by Ken Linscott

In our last post, we uncovered four vulnerabilities in DNS security, but those weren’t all the risks companies need to be aware of. There are six more threats to authoritative DNS, so that’s where we continue with this post.

5. DNS outage

The obvious risk to any business is a DNS outage. That means the DNS a business is using does not resolve every second every day, and the business services that rely on DNS—such as websites, email, voice over IP, and virtual private networks, to name a few—are intermittent. That negatively impacts a company’s ability to operate, because in this day and age, global entities require 100% uptime.

According to International Data Corporation[1], the average total cost of unplanned application downtime is between $1.25B and $2.5B annually for Fortune 1000 companies, making the average hourly cost of an infrastructure failure about $100K, while a critical application failure is between $500K and $1M per hour.

An outage could be caused by a failure within the DNS provider’s system or process, or by a distributed denial of service (DDoS) attack against the DNS. A DDoS attack occurs when multiple systems flood the bandwidth of the targeted system resulting in failure of any related services it supports.

6. Zero-day attacks

A zero-day attack is levied against a DNS vulnerability, defect, or bug unknown to the DNS provider until hackers leverage the flaw to take it down. In the cyber world, a zero-day attack is typically accomplished using free, open-source software that allows cyber criminals to more closely examine how the targeted software works, finding the defects to exploit them.

Even when zero-day vulnerability patches are released, the majority of companies don’t implement all the patches, leaving themselves vulnerable to attack. A survey by Ponemon Institute[2] of nearly 3,000 cyber security professionals from across the globe found that 57% of breaches were due to a known vulnerability with a patch they did not apply. This is an even bigger challenge for companies running their own DNS. It’s essential that a DNS provider stays ahead of new attack vectors, test for vulnerability regularly, and exceed industry standards.

7. Malware

Malware is a general term covering different types of threats to computer safety such as viruses, spyware, worms, trojans, and ransomware. A malware attack is a cyber attack in which malicious software is covertly installed on a computer to perform activities that steal private information, confidential credentials, ruin computer systems altogether, or lock down information until a sum is paid by the affected company to restore function.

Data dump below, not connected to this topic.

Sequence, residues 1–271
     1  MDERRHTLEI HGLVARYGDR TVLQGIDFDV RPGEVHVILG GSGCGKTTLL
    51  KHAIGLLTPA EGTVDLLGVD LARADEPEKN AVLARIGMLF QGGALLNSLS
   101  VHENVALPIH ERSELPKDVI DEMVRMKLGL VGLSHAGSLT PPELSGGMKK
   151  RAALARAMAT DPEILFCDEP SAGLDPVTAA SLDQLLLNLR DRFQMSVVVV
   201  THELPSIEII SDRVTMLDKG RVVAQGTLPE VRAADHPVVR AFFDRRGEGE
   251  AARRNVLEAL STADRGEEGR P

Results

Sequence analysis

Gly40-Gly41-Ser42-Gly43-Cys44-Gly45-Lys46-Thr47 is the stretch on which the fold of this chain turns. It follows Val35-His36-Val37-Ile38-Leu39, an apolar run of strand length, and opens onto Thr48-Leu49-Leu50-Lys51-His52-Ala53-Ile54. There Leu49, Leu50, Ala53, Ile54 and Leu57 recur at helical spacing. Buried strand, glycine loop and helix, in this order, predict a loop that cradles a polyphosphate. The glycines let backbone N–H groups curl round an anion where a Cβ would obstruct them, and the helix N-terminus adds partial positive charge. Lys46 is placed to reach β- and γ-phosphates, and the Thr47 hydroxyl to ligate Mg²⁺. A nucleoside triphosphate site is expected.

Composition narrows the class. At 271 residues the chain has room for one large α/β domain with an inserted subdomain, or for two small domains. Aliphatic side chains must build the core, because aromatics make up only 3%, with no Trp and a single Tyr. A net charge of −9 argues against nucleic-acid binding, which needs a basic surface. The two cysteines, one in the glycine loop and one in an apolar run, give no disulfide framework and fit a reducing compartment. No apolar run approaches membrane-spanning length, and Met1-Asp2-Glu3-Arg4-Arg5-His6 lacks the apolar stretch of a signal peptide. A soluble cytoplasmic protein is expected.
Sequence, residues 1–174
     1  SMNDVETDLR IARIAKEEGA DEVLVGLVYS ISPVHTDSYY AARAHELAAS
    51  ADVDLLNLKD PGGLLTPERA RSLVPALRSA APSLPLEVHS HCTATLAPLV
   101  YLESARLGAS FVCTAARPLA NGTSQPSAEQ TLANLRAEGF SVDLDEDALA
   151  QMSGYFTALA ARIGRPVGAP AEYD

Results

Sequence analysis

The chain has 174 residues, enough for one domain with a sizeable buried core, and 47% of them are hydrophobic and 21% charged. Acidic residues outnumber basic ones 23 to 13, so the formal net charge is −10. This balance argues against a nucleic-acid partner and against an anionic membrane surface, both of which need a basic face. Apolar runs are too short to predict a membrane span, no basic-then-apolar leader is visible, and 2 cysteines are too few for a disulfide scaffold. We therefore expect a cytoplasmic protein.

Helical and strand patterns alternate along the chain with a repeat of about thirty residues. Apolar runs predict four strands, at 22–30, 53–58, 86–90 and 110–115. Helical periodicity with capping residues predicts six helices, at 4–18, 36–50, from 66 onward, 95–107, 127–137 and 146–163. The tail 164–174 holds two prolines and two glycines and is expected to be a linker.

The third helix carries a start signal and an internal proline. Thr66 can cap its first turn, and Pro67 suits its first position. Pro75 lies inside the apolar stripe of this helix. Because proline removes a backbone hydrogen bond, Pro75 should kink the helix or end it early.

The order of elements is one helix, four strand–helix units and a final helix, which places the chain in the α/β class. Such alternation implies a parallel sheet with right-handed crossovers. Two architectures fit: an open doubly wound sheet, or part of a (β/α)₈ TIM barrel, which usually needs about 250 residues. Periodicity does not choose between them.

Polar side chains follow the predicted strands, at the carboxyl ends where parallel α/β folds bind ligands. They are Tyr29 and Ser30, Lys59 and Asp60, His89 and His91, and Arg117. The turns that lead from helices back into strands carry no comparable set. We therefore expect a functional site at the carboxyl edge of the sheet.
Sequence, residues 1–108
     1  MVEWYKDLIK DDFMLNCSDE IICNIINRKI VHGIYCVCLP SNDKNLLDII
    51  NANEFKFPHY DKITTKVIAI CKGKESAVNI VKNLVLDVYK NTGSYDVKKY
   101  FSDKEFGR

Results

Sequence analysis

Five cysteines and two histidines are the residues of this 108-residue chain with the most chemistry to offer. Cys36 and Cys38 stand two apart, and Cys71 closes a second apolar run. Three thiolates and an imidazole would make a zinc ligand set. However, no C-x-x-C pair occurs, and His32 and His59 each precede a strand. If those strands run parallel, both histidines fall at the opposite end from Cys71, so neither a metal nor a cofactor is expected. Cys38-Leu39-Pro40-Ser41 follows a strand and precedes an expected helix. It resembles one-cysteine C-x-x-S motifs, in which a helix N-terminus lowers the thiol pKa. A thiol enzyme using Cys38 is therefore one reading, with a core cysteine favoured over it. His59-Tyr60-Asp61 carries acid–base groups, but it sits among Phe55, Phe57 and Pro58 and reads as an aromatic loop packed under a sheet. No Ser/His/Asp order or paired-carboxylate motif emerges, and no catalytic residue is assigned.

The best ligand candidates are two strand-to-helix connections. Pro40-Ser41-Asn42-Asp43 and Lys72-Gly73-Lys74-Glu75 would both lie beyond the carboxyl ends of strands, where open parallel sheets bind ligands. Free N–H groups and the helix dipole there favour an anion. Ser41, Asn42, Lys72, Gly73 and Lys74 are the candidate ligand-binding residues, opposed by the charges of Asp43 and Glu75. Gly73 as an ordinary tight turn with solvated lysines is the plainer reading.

Computer systems become infected when a user clicks on a link from a phishing email, visits an infected site, downloads an infected attachment, or connects to an infected external drive. Palo Alto Networks found more than 80% of malware attacks use DNS as the primary command and control channel to avoid detection.

Most malware-generated traffic can be detected and blocked at the network level by firewalls or intrusion prevention systems. But that’s not possible for a malware attack on DNS, because DNS isn’t filtered or inspected by traffic monitoring solutions, and traffic flows freely through most networks, making it the perfect conduit for cyber crime. Recently, the increasing use of digital certificates by cyber criminals means that malware hides in fraudulent, but secure, sites—with the consumer assumption being that encrypted data is legitimate and safe.

8. DNS tunneling

DNS tunneling takes the malware attack method a step further. Tunneling encodes the data of other programs or protocols in DNS queries and responses to extract a company’s data via their own DNS infrastructure.

9. Distributed denial of service attacks

We’ve already covered DDoS attacks against DNS, but there is also a risk of DDoS attacks against servers running business functions like hosting a website or a database. Although not targeting your DNS, this attack would use a company’s DNS to make requests, and if successful, could take down servers involved in every step of your business.

10. Poor digital certificate management

Finally, imagine visiting a website with a warning to distrust the site, or the browser disallows reaching the site at all. If everything within the DNS works perfectly, poor digital certificate management could still undermine an organization’s credibility, leave a website vulnerable to data theft resulting in audit failure and non-compliance with the EU General Data Protection Regulation, as well as other government data privacy regulations.

The complex nature of DNS means there are many vulnerabilities that can lead to DNS failing to properly support and protect a company’s online presence.

Next post

In our next post, we’ll take a deep dive into one of the biggest vulnerabilities we’ve outlined—DNS hijacking—examining the ways an attack could be launched against your business, and how to prevent it.

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Read more posts in this series:

<< Part 1 – What DNS is and How it’s Vulnerable

<< Part 2 – Four DNS Vulnerabilities You Need to Know About

>> Part 4 – The Growing Threat of DNS Hijacking and Domain Shadowing

>> Part 5 – Mitigating the Risks of 10 Serious DNS Vulnerabilities

>> Part 6 – DNS Management is a Boardroom Discussion


[1 ]techrepublic.com/resource-library/whitepapers/idc-study-the-cost-of-downtime/

[2 ]servicenow.com/content/dam/servicenow-assets/public/en-us/doc-type/resource-center/analyst-report/ponemon-state-of-vulnerability-response.pdf

DNS: The Neglected Building Block, Part 3 -Six More DNS Vulnerabilities That Make Security Crucial